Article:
On today’s date in 1998, the series finale of “Seinfeld” aired to an estimated 76 million viewers. “Seinfeld” lasted nine seasons, ranking in the top three of the Nielsen ratings for its last five, and is widely considered one of the greatest television shows of all time. Its success continues in syndication. Post-finale, “Seinfeld” has generated $3.1 billion in revenues for its creators and rights holders. This week, On Remand looks back at the show about nothing everything, a lawsuit about the origin of the character George Costanza, and cases that echo “Seinfeld” plots….
It is no surprise that a show that pored over the excruciating minutiae of daily events also featured legal issues. Jackie Chiles, the resident lawyer on “Seinfeld,” handled several cases for the gang, including their defense in the finale for violating a Good Samaritan law. While that may have resulted in another public humiliation for Chiles, elsewhere Jerry Seinfeld has praised the legal profession:
To me, a lawyer is basically the person who knows the rules of the country. We’re all throwing the dice, playing the game, moving our pieces around the board, but if there is a problem the lawyer is the only person who has read the inside of the top of the box.
Jerry Seinfeld’s lawyers certainly have read the inside of the top of the box. Shortly after the “Seinfeld” series finale aired in May 1998, they tackled a $100 million case against Jerry Seinfeld, Larry David (the show’s co-creator), and others alleging invasion of privacy, among other claims. According to plaintiff Michael Costanza, the character George Costanza was based on him, and the resulting association with the “Lord of the Idiots” was humiliating. The “other” Costanza’s evidence of the alleged inspiration? A shared last name, and the fact that both he and George are short, bald, overweight men from Queens who knew Jerry Seinfeld from school. In dismissing the case and awarding $5,000 in sanctions against Michael Costanza for filing a lawsuit “based on nothing” (there is no common-law claim for invasion of privacy in New York), the New York Supreme Court reminded the plaintiff that, “[w]hile a program about nothing can be successful, a lawsuit must have more substance.” The Court of Appeals affirmed the dismissal, but reversed the award of sanctions.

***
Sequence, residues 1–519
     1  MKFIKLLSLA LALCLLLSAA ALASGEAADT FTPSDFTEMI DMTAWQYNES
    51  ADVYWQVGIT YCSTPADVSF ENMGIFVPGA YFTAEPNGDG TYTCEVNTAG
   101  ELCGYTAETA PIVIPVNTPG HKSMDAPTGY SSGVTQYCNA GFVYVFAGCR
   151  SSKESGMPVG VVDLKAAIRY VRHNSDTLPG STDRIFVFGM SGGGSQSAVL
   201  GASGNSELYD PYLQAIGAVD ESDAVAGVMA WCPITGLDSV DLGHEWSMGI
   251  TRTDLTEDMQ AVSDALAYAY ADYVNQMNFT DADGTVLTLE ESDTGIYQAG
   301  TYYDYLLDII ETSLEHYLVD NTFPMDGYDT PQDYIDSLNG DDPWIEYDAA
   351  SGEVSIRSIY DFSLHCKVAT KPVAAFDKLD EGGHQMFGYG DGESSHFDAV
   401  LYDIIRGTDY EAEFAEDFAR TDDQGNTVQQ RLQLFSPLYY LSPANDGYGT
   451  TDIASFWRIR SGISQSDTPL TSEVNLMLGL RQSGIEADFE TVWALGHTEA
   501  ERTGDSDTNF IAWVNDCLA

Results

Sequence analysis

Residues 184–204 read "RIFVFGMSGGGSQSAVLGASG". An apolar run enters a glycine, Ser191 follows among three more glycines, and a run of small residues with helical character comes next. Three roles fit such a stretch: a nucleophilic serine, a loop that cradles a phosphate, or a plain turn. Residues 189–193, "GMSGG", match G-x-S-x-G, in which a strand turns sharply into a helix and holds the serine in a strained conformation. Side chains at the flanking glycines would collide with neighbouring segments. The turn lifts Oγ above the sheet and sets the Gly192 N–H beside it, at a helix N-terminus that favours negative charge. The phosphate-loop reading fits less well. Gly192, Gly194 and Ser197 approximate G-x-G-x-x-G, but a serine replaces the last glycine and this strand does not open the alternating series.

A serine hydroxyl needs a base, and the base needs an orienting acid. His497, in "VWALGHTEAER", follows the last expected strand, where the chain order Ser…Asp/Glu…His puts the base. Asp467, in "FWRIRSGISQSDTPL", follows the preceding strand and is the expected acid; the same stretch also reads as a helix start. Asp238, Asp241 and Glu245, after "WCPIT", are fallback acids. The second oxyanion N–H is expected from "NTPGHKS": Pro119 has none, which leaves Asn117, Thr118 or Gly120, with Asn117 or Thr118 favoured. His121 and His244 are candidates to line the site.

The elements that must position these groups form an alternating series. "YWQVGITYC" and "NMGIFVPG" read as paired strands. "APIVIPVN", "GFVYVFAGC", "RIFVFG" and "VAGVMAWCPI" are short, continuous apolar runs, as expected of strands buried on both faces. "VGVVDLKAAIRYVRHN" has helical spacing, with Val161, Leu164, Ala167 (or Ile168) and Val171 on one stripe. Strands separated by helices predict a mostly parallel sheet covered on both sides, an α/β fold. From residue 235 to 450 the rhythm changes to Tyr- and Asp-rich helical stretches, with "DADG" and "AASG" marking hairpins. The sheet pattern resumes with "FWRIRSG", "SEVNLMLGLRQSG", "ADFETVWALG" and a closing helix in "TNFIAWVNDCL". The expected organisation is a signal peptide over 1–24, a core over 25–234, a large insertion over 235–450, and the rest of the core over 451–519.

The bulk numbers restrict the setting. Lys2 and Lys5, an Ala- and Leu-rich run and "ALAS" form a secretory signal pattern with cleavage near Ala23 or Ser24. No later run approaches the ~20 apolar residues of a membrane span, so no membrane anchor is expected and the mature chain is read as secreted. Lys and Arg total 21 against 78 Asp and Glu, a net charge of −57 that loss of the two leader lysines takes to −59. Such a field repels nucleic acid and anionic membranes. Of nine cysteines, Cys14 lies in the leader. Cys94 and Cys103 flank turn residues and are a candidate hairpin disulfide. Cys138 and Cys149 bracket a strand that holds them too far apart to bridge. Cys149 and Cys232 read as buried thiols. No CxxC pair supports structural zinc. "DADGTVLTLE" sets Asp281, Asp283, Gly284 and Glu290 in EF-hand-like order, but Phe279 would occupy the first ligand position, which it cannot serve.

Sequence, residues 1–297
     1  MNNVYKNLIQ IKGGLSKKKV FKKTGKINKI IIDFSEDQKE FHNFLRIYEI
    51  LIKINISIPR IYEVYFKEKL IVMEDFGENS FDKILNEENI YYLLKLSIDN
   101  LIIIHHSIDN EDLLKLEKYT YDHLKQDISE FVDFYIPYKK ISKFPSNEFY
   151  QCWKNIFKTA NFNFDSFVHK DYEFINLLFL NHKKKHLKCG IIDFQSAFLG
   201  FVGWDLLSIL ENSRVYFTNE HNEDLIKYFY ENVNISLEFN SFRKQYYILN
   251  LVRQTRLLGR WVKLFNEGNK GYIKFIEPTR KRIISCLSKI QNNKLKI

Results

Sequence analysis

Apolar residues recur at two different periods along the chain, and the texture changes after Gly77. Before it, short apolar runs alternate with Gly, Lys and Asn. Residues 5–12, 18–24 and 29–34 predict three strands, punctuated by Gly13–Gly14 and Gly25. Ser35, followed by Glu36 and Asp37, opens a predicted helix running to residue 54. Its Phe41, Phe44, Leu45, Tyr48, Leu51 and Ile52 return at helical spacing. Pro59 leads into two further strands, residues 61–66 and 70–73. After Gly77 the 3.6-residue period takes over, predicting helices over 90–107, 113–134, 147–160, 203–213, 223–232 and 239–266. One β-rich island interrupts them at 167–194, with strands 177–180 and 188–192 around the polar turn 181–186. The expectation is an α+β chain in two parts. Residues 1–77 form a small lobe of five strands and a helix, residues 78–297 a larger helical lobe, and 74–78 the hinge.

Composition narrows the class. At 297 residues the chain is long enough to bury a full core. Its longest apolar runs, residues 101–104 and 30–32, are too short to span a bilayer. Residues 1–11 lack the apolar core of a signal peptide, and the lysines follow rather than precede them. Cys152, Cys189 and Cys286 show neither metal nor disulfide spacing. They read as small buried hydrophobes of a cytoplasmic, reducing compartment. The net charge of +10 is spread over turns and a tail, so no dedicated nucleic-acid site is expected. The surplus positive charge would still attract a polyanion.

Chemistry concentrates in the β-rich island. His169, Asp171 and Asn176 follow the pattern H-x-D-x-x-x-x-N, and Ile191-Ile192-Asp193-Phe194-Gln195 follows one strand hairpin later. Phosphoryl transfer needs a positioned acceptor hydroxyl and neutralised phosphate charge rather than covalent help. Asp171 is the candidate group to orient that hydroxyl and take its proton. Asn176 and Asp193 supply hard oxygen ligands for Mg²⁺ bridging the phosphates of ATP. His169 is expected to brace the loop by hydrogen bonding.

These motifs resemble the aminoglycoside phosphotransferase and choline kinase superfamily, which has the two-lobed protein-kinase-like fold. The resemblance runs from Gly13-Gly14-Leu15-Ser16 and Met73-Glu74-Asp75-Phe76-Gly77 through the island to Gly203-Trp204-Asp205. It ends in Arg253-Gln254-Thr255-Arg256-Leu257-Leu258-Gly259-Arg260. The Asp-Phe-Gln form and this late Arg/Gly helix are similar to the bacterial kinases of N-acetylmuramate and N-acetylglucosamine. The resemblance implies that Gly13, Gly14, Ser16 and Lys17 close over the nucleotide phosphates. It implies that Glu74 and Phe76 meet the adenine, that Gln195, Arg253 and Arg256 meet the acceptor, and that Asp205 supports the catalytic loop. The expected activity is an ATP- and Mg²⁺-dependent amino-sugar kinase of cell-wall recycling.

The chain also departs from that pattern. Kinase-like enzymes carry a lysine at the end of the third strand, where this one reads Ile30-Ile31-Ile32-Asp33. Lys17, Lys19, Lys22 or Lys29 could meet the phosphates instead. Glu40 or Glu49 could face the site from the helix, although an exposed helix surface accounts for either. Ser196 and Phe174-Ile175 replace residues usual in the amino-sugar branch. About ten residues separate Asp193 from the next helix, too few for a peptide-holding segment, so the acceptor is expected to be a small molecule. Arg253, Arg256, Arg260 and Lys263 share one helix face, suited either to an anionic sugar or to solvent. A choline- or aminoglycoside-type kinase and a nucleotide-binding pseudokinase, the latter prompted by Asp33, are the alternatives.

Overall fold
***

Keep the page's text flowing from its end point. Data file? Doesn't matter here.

In addition to lawsuits over the show itself, the “Seinfeld” legacy lives on in the courts in cases that mimic “Seinfeld” plots. Season 7’s “The Shower Head” is one example. In that episode, Elaine’s plans for a trip to Africa with her boss, J. Peterman, are thwarted when she tests positive for opiates as part of a pre-trip physical. Fearing Elaine has fallen under the spell of opium — “white lotus, yam-yam, Shanghai Sally” — Peterman bars her from the trip and then fires her following a second positive test. Elaine soon realizes that eating poppy seed muffins is to blame, and requests a third test. Unknowingly, however, just before the third test, she eats poppy seed-laced chicken. Realizing her mistake but with no time to spare, Elaine panics and bullies Jerry’s mother into giving her a clean sample. Elaine is rehired, but Peterman won’t let her accompany him to Africa because she is menopausal, has the metabolism of a sixty-eight year old woman, and may have osteoporosis.
Despite the episode’s role in alerting the poppy seed-eating public of the risk of a false positive test, apparently no one at a Pennsylvania hospital or child protective service agency saw “The Shower Head.” In at least two cases, in 2009 and 2010, Jameson Health System and Lawrence County Children and Youth Services removed newborn babies from their mothers, relying solely on the mothers’ urine samples, which showed opiate levels well below the federal government’s standard for a positive test. In Eileen A. Bower’s case, the (big?) pasta salad with poppy seed dressing she consumed in the hours before she gave birth led to a false positive test and an outrageous, egregious, preposterous seventy-five day separation from her new son, Brandon. In Elizabeth Mort’s case, an “everything” bagel caused the false positive, although Children and Youth Services quickly admitted its mistake and returned her baby after five days. Both women eventually settled their cases, for $160,000 and $143,500, respectively. But word has not spread elsewhere in Pennsylvania. In March of this year, another woman sued a different Pennsylvania hospital and child protective agency over their overly aggressive investigation of her “unconfirmed positive” opiate test (the culprit: poppy seed bread purchased at a farmer’s market).
Perhaps Jackie Chiles could have done better for the mothers in the poppy seed cases. But even Chiles might have had trouble defending the two men whose scheme seemed inspired by “The Bottle Deposit” ….